"Moon Over Tao" is a wacky, entertaining movie that successfully blends together the samurai, fantasy and sci-fi genres. It feels very much like a retro-piece with a lot of silly effects and of course, chambara level of gore and blood splatter. Direcor Keita Amemiya directs it accordingly with a less focus on story than in action. And it pays of in the end.
Story is that of two men, one a Buddhist monk with magical powers and the other a highly skilled samurai warrior with an indestructible sword. The two have began a journey to discover the source of the indestructible swords. Along the way they meet a young girl working as a beekeeper. Respectively the girl later meets three alien samurai chicks that start fighting without a reason, as one of them is mortally wounded she enlists the girl to help them find and stop a the strange beast/weapon. After a mutual agreement with the help of the two men, the three of them set of and discover the source of the indestructible swords and the strange beast/weapon. It does not take long before said beast/weapon is awaken and then all hell brakes loose.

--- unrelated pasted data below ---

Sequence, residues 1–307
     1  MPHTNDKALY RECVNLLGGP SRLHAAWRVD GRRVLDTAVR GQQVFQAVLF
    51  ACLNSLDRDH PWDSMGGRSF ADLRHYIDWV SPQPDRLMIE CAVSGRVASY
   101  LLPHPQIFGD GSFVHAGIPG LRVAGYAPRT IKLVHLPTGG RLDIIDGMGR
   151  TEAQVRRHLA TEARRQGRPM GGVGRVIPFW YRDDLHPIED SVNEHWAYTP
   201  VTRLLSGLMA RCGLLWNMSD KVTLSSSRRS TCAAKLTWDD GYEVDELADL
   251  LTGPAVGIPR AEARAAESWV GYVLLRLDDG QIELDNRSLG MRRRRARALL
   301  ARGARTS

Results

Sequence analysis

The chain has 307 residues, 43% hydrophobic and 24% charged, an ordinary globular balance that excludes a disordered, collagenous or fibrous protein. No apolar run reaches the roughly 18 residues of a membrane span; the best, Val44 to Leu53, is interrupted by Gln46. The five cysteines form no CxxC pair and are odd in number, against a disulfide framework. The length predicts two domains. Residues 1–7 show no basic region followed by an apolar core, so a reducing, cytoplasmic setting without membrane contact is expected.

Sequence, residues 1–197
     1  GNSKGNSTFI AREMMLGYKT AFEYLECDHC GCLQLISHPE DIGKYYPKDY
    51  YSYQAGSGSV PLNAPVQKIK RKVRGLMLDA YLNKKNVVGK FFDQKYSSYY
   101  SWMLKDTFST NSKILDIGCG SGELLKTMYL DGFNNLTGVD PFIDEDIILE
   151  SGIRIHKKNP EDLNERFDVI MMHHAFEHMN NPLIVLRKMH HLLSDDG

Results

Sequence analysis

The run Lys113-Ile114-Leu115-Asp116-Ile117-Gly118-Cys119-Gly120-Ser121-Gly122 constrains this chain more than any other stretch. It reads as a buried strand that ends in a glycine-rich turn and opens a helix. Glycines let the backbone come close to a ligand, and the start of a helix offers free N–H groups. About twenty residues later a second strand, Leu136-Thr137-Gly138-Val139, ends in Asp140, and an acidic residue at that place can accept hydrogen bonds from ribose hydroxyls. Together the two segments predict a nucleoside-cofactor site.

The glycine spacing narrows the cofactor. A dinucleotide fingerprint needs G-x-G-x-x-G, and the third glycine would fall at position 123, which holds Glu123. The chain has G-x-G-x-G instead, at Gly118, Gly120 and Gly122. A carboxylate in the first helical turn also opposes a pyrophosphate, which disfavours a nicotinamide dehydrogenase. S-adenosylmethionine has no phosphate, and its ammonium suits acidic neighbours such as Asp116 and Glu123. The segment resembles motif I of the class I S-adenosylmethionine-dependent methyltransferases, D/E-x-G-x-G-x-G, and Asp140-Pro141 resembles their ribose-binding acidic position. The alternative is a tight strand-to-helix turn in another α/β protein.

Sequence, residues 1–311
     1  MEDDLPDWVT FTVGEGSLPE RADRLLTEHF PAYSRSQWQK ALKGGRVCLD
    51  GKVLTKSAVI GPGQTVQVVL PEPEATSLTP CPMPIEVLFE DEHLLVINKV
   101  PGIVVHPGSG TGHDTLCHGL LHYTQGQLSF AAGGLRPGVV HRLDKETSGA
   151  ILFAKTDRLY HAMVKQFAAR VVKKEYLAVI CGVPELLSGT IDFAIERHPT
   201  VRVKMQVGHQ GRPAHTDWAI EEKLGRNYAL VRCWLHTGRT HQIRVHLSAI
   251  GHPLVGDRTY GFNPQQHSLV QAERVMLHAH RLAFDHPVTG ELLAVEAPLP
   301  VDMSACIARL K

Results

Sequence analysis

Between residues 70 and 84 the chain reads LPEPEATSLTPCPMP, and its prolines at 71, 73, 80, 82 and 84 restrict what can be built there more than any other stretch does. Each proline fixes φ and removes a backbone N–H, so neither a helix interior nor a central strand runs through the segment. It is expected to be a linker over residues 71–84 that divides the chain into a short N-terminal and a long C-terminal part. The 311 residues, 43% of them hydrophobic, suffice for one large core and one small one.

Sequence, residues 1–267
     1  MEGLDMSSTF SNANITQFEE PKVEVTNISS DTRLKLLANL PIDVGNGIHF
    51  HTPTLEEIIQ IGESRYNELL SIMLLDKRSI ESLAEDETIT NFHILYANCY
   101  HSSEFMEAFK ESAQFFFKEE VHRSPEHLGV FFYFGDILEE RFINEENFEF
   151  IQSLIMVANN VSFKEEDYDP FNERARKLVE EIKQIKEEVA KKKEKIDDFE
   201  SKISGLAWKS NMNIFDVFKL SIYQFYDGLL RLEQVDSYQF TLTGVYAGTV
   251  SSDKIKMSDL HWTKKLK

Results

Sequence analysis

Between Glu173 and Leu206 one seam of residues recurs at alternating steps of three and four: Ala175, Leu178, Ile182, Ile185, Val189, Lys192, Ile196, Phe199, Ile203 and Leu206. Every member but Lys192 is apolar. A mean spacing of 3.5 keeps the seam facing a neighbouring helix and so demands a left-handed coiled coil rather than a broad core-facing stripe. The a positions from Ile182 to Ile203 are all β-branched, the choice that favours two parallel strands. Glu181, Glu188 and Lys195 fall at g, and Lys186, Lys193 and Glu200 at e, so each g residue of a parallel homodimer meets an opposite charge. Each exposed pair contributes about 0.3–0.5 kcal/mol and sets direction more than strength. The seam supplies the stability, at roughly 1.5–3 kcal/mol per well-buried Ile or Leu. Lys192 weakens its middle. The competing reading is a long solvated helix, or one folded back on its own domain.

To put it simply, the story is silly. Characters are as complicated as those found in a Jean Claude Van Damme movie, some even border on the annoying level, yes I do mean the girl beekeeper with that. All you really need to know is who are the good guys, who are the bad and how many walking meat-bags are there on their side. In this case a lot. And thank God for that, because fights scenes tend to get bloody with some good all classic chambara effects, such as the blood geysers and chopped of limbs. It get's even better when the beast/weapon gets loose. You see it has a certain habit that involves eating it's opponents. Amemiya does a good job with the action and gore and it's all just fun to watch. Choreography is reasonably well done, with the individual showdowns standing up from the more massive scenes. Creature effects are surprisingly good, combining CGI and a designed prop for close-up use. While everything else is done in the old fashioned way, meaning none to minimal use of any other CGI. One other concern that Amemiya has with "Moon Over Tao" is the ever lasting question of how many people can cram in an action scene. Luckily the cannon fodder is plenty. The showdown between our two warriors and the evil warlord's henchmen is pretty massive in terms of body count and respectively entertaining.
"Moon Over Tao" should not be taken as a serious movie, or as a highly intellectual movie. Those that do take it as such will definitely hate it. What Keita Amemiya really made is a homage to the old days of chambara movies where gore and wackiness was abundant. And really this is for people that loved this type of cinema.
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